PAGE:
I've got a busy day today, so I'd like to repost an article. It strongly pains me, on one level, to further publicize this story. Hoover, Alabama, is my hometown. Others who did not grow up there do not recognize the vast strides made since Civil Rights. The city public school system where I grew up had a well-deserved reputation for its focus on academics. I began in Kindergarten and attended until my senior year in high school. As is true throughout the South, this focus on student achievement was balanced alongside a strongly stressed importance upon athletics.
The background of this story is fairly straightforward. The school system claimed it needed to completely eliminate bus service to save money and announced the rationale for its decision. Immediately, their judgment was challenged and debated. Low-income students, mostly black and Hispanic kids, rely most heavily upon busing. The system is fighting against trends unlikely to change. A formally majority white school district has, like the racial makeup of this country, become much more Latino and African-American. Fully one-third of students enrolled are minorities. This is why this decision by the school system comes across as particularly suspect and discriminatory.
This story has a thousand other verses. Before African-American kids were excluded, Irish kids were. The reason for the proliferation of Catholic school is because Irish kids were denied access to the same schools as their Caucasian brethren. In this situation, the school board, city council, and mayor believe that minority students are behavior problems, pulling down test scores, and jeopardizing the property value of homeowners. They do not wish to assimilate. They want to return to the way it used to be, but in the most cynical manner possible.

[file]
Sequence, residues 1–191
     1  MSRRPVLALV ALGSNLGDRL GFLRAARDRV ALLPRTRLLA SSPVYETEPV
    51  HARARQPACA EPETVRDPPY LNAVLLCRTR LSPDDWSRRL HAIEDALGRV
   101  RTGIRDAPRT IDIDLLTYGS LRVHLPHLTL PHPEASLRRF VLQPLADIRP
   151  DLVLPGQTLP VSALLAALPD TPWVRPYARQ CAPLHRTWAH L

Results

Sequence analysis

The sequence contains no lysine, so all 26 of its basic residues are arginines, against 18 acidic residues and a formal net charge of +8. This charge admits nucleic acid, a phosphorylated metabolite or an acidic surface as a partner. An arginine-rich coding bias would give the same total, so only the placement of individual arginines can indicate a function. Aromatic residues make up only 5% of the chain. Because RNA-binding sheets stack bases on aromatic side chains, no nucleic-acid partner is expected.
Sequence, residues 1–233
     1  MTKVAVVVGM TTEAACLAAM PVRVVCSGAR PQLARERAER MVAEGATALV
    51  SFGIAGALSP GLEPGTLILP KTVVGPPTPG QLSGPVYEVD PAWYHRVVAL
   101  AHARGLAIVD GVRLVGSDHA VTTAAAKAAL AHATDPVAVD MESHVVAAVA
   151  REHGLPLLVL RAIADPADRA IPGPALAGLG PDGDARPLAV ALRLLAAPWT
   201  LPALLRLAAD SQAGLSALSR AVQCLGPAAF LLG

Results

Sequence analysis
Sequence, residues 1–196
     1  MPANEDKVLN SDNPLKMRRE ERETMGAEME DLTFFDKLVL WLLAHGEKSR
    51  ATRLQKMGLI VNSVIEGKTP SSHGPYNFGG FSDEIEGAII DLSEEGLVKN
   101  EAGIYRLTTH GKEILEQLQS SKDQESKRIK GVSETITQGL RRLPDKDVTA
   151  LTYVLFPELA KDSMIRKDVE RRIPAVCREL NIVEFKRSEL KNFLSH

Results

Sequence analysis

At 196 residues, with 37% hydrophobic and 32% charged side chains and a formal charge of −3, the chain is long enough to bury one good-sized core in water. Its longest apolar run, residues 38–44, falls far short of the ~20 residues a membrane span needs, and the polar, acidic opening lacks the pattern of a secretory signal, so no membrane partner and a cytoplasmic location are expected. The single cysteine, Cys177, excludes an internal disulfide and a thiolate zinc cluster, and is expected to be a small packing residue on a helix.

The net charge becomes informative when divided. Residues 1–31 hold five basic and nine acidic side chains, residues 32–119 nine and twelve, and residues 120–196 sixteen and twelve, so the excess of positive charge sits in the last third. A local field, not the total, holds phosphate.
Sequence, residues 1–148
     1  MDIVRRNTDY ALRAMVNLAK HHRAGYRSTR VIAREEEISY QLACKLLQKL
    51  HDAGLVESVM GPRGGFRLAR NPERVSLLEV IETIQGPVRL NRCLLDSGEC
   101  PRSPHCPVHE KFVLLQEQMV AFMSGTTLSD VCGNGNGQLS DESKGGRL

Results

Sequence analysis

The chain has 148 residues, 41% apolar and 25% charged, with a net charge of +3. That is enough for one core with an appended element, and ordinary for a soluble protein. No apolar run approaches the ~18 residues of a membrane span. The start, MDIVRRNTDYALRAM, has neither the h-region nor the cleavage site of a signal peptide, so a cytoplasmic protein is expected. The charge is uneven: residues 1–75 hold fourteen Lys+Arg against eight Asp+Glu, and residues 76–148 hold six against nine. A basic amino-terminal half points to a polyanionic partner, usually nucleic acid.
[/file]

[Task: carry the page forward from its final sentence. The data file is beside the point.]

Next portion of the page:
BIRMINGHAM, Alabama - Hoover parents fighting to keep public school buses today joined forces with the NAACP and other groups to call on the U.S. Department of Justice and state schools superintendent to intervene in the Hoover school bus issue.
The parents also said they plan to protest the Super 6 state high school football championships at Bryant-Denny Stadium in Tuscaloosa next month if something is not done to stop the elimination of public school buses in Hoover.
"We feel very, very strongly this is a race and class issue," said Catrena Norris Carter, a Hoover mother with children at three Hoover schools. Many low-income families, especially single-parent families, cannot afford to pay to have their children ride buses, Carter said.
Hoover school officials know this and saw the elimination of buses as a way to rid the city of lower-income students, some of whom have moved into Hoover from struggling school districts in search of a better education, the school bus advocates said.
They've seen struggling students from other school districts as having a negative effect on the Hoover school district's test scores and therefore perhaps a negative effect on property values, school bus advocate Trisha Crain has said.
Instead of wanting to help those students overcome their challenges, Hoover school officials chose to run them out of the city, Crain said.
The full article is here.